Background & objectives: The N-acetyltransferase 2 (NAT2) gene encodes an enzyme which both activates and deactivates arylamine and other drugs and carcinogens. This study was aimed to investigate the role of NAT2 gene polymorphism in anti-tuberculosis drug-induced hepatotoxicity (DIH). Methods: In this prospective study, polymerase chain reaction-restriction fragment length polymorphism results for NAT2 gene were compared between 185 tuberculosis patients who did not develop DIH and 105 tuberculosis patients who developed DIH while on anti-tuberculosis drugs. Results: Frequency of slow-acetylator genotype was commonly encountered and was not significantly different between DIH (82.8%) and non-DIH (77.2%) patients. However, the genotypic distribution of variant NAT2*5/*7 amongst slow-acetylator genotypes was significantly higher in DIH (56%) group as compared to non-DIH (39%) group (odds ratio 2.02; P=0.006). Interpretation & conclusions: The present study demonstrated no association between NAT2 genotype and DIH in the north Indian patients with tuberculosis.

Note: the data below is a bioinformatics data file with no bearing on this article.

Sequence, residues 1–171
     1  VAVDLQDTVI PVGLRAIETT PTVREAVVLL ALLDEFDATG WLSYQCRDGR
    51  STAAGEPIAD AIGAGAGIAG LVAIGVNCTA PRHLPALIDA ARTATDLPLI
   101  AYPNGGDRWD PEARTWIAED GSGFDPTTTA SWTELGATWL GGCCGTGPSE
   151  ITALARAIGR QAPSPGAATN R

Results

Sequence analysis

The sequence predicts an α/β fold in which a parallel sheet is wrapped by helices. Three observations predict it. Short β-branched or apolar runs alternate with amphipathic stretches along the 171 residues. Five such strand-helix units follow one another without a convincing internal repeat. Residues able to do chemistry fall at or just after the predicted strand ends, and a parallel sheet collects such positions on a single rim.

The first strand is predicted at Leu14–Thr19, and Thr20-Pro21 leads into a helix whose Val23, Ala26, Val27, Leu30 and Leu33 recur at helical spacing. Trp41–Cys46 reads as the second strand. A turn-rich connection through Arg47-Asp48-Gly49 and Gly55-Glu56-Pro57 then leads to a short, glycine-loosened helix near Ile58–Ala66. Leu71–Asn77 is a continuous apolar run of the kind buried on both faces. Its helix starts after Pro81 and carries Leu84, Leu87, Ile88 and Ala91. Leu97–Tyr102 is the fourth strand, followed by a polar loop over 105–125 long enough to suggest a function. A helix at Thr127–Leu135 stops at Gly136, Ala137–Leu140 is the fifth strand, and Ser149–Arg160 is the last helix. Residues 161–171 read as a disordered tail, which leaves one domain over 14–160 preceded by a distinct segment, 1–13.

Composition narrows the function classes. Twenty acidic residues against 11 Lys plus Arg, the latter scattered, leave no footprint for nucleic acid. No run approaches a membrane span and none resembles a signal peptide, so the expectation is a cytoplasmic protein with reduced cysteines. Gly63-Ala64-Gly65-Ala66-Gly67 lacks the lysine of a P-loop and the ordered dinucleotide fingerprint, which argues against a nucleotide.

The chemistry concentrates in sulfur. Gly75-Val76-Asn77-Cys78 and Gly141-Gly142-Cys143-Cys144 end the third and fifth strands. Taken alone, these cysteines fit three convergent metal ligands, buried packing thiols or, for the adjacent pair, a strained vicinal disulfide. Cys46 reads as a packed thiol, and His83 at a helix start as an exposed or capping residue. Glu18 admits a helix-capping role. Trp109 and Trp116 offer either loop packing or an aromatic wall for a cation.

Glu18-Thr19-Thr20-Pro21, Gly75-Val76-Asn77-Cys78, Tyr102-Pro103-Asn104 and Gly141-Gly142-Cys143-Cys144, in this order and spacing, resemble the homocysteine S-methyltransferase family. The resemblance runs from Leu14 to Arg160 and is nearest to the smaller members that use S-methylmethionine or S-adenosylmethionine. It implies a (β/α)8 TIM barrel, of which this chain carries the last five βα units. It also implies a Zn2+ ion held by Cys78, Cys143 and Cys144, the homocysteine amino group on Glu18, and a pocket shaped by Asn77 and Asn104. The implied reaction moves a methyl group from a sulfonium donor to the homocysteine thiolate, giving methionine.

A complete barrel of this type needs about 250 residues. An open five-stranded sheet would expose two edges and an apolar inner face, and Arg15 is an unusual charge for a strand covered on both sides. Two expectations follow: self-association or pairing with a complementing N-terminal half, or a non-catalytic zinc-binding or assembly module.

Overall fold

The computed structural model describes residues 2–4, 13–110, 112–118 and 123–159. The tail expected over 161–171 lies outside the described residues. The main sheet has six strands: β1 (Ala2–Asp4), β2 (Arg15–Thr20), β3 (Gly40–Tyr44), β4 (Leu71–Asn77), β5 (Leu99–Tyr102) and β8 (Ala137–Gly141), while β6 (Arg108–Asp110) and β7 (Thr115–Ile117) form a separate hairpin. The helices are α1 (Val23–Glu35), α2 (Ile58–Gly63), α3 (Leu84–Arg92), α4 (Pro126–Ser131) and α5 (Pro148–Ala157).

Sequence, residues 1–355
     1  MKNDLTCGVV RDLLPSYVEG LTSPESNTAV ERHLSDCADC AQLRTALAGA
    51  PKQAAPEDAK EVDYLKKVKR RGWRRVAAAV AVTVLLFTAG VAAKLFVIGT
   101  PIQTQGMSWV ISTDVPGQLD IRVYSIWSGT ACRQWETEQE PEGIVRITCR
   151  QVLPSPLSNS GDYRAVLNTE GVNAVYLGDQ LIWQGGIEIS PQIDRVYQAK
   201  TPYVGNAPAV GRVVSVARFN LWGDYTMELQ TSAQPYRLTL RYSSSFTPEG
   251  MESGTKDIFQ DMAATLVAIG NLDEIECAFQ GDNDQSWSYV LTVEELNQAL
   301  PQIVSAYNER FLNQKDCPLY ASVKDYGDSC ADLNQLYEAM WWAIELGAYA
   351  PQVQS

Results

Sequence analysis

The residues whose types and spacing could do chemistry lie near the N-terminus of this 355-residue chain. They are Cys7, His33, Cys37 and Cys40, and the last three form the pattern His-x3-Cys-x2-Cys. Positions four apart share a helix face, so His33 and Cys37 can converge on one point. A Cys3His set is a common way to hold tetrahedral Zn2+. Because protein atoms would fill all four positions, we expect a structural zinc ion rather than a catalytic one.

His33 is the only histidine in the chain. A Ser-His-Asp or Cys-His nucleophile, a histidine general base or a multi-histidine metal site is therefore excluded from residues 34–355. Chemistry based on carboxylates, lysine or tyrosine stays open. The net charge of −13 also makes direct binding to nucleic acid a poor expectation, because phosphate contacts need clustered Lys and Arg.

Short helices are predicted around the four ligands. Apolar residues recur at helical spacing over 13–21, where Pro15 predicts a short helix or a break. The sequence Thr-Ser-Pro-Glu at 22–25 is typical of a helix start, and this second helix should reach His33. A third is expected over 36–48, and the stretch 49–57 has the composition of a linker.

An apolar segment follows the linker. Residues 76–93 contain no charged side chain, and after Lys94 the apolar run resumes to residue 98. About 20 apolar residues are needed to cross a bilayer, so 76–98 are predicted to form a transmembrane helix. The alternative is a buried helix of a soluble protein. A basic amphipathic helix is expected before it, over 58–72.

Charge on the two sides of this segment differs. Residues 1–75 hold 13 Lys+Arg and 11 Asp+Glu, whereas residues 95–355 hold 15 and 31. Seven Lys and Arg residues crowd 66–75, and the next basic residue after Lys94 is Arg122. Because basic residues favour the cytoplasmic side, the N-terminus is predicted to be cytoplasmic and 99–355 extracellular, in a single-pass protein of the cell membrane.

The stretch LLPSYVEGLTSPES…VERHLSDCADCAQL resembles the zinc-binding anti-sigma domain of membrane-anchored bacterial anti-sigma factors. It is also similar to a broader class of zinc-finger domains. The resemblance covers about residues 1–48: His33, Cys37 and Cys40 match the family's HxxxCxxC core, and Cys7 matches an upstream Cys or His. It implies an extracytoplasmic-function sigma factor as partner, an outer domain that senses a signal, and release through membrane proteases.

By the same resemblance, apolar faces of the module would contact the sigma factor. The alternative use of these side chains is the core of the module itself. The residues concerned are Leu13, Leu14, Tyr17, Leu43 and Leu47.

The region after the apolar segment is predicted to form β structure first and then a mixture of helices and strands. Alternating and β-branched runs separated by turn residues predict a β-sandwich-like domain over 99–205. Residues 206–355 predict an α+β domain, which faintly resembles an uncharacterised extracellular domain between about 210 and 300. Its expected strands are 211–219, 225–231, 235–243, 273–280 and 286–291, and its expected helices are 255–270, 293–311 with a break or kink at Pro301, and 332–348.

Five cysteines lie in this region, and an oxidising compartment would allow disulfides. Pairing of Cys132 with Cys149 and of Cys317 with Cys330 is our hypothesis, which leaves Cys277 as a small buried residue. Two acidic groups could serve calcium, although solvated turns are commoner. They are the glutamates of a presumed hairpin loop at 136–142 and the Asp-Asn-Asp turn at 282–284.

Bibliographical noteFunding Information:
Authors thank the clinical, laboratory and administrative staff and patients of the AIIMS, New Delhi, for their support. This work was supported by the Department of Biotechnology, Ministry of Science and Technology, Government of India, New Delhi (Grant number BT/PR7885/MED/14/1166/2006). The first author (SKS) was supported by JC Bose Fellowship [Department of Science and Technology, Ministry of Science and Technology, Government of India, New Delhi (No. SB/S2/JCB-04/2013)].
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- Drug-induced hepatotoxicity
- Genetic polymorphism
- N-acetyltransferase 2
- Polymerase chain reaction
- Rapid acetylator
- Restriction fragment length polymorphism
- Slow acetylator